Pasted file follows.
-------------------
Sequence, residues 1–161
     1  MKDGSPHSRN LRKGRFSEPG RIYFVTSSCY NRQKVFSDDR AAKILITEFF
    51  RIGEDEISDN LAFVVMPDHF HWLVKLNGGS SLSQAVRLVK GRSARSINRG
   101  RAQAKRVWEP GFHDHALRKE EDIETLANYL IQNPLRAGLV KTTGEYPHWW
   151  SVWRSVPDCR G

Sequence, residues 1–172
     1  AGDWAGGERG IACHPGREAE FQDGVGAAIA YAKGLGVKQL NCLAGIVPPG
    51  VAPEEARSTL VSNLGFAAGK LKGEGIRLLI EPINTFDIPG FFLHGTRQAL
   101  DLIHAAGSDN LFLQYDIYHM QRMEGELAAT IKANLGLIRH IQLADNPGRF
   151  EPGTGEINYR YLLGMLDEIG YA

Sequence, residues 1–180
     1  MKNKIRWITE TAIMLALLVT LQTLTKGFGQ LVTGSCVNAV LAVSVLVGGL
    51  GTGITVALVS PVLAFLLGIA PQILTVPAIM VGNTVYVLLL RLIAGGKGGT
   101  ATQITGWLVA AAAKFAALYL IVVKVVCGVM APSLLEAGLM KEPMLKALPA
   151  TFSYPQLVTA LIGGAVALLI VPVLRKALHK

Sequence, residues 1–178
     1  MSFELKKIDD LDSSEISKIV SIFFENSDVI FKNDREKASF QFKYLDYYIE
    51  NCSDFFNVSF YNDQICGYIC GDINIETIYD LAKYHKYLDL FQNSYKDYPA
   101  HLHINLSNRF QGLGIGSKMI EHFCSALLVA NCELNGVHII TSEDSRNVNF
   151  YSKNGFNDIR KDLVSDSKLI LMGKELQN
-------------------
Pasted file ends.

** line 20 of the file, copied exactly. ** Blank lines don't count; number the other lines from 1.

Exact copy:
   151  YSKNGFNDIR KDLVSDSKLI LMGKELQN